But Ann Davis, chairwoman of the Ladd board, said she doesn’t believe Stimpson’s maintenance figure is accurate. The board believes Ladd could be refurbished back to its former glory with roughly $2 million, she said. Davis said she doesn’t understand why Stimpson and USA are moving so quickly on the proposal.
“I think South should have their own stadium, but I don’t think they’re ready,” she said. “If they were they wouldn’t be doing this song and dance.”
She is against the city contributing to the facility because the city “has so many needs.” She also doubts a new stadium would be a much more popular venue than Ladd.
“I’m thinking if they build it, the first couple games it’ll be packed,” she said. “After that, it won’t be. I just don’t see it yet.”
Councilman John Williams agrees, adding that “Mobile likes new stuff.”
Before Tuesday’s vote, Williams compared the proposed stadium to USA’s Mitchell Center arena. He argued that an economic impact study should be completed first. Williams, a Jaguars basketball season ticket holder, said that while the same economic impact arguments were made at the time for the arena, very few fans attend games there now.
“Sometimes you feel like you’re by yourself,” he said. “It feels empty. It feels like it’s only you, the cheerleaders and the band.”
Instead of backing the new stadium, Williams suggested using the $500,000 per year expenditure on public safety or some other need.
“What could we do with an additional $500,000 for policing? I don’t know, I’m not an expert, but if I was the chief I could figure it out,” he said. “If I was the mayor, I would tell people I’m serious about becoming the safest city.”
Opponents have argued an on-campus stadium at USA would move tourists out of the downtown area and farther west. Manzie said he’s had complaints from some downtown business owners, but Stimpson doesn’t believe the proposed stadium would have a negative impact on downtown, as Senior Bowl scouts as well as Dollar General Bowl coaches and players will continue to stay at downtown hotels and eat at downtown restaurants.
Acting Chief of Staff and Executive Director of Finance Paul Wesch said the USA games themselves do not have a tremendous impact on downtown establishments. He said most food-and-drink purchases associated with the games are made at the stadium or for tailgate parties.
Carol Hunter, spokeswoman with Downtown Mobile Alliance, agrees.
“We’re still the center of the hospitality universe for those games,” Hunter said of downtown. “Ultimately, those games and USA are moving no matter what.”
Councilwoman Bess Rich, Manzie and even Williams have made comments to the effect that the city could support two stadiums, even if Ladd’s size isn’t altered in some way.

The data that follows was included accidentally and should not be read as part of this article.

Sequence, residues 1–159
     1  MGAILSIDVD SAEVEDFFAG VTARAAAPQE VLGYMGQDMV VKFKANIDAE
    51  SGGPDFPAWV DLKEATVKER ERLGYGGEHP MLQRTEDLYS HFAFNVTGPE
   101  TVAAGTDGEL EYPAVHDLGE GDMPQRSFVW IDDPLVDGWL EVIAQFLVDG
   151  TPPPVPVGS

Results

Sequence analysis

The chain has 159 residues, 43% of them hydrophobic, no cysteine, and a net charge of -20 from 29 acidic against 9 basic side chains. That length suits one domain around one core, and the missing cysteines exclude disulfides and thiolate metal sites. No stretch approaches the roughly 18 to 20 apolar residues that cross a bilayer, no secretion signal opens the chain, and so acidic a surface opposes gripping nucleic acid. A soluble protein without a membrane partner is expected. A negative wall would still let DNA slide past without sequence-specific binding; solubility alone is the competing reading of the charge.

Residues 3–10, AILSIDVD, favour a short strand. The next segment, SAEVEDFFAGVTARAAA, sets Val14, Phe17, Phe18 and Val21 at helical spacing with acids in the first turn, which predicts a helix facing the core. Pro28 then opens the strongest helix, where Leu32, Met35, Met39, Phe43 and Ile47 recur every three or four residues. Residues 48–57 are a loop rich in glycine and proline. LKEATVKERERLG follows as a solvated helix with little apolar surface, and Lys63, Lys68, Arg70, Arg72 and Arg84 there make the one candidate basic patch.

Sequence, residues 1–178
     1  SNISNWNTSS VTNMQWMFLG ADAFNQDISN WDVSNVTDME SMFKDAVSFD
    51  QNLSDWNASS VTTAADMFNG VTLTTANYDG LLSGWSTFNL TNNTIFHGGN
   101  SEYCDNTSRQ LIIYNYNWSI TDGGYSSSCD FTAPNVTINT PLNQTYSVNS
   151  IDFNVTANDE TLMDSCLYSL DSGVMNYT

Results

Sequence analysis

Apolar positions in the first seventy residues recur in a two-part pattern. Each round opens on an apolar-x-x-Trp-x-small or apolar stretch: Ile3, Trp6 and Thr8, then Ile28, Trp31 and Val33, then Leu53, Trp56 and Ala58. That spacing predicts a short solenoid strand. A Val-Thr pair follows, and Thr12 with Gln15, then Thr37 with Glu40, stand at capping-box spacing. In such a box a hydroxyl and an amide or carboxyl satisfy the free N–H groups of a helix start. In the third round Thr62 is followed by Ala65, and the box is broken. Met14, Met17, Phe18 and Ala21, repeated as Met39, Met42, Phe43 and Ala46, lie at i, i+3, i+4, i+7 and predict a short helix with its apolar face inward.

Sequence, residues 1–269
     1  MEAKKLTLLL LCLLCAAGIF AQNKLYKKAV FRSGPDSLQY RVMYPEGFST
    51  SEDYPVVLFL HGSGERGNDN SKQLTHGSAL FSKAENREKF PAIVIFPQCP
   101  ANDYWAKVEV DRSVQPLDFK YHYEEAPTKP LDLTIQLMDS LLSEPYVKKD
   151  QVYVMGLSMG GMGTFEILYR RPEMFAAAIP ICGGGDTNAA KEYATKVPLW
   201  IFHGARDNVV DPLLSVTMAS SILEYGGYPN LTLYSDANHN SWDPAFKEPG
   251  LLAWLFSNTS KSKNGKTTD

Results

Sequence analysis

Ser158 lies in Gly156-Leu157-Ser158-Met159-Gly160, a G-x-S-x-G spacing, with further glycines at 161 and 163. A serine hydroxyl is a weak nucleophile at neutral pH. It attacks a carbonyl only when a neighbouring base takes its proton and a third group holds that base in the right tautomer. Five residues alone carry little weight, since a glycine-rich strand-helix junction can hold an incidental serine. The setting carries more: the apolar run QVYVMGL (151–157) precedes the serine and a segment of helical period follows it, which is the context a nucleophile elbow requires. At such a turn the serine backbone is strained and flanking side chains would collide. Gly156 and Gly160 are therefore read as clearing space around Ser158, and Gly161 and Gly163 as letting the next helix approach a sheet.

In fact, Manzie said he believes a renovated Ladd wouldn’t compete with a stadium at USA, but could compete with regional facilities for big events in the future.
“Events couldn’t [schedule] there before because of USA, the Senior Bowl and the Dollar General Bowl,” Manzie said. “It’s now up to the leadership of the stadium. I believe there are enough athletic events around the country … go out and tell its story.”
Ladd has had past opportunities it couldn’t cash in on due to USA’s football schedule, Davis said. Stadium management had been contacted by the Southwestern Athletic Conference about hosting its football championship game. Davis said the board wanted to engage SWAC, but couldn’t because the Jaguars schedule had not been released and they didn’t known when other games could be played.
Davis also mentioned the potential for semiprofessional football being played at a renovated Ladd in the future. The Ladd board deserves the opportunity to help set the stadium’s future, she said.
“I’m not saying put $50 million into Ladd and I know we need to work, but we’re up to the challenge,” Davis said.
Currently, the city gives the stadium board $200,000 per year through a performance contract. The city’s contribution along with the revenue from various events allows the stadium to operate on a day-to-day basis. While funding will become more of a challenge if and when USA and the bowl games leave, stadium manager Vic Knight recently told councilors the stadium could still thrive after 2020 because expenses would be way down.
Williams believes the city could support two stadiums “if we really had to.”
Despite USA officials’ insistence the on-campus stadium could not be built without public funds, there is a growing sense inside Government Plaza the school would go it alone if need be. Stimpson and Williams have gone on record with that belief.
“This whole ‘they won’t do it without us,’ I don’t buy that,” Williams said. “They’re going to find a way.”
USA has also asked the Mobile County Commission to chip in on the stadium.
“I think right now, we want to see what’s happening with the city and how they’re dealing with the Ladd Stadium situation,” County Commissioner Connie Hudson said. “That is an area of concern for us, particularly in how it will impact the schools that have their home games there and what will happen going forward. I, for one, would like some reassurances that they’re going to have a place to have their games once this transpires.”
The commission also does not seem prepared to give USA the same $10 million contribution USA requested.
“I don’t think $10 million is too much for the city. I think it’s too much for the county,” Commissioner Jerry Carl said. “We fund a lot of programs that the city doesn’t have to, especially in the school system itself. I hope the city does find a way of funding it and give the opportunity to come and start voting on it also.”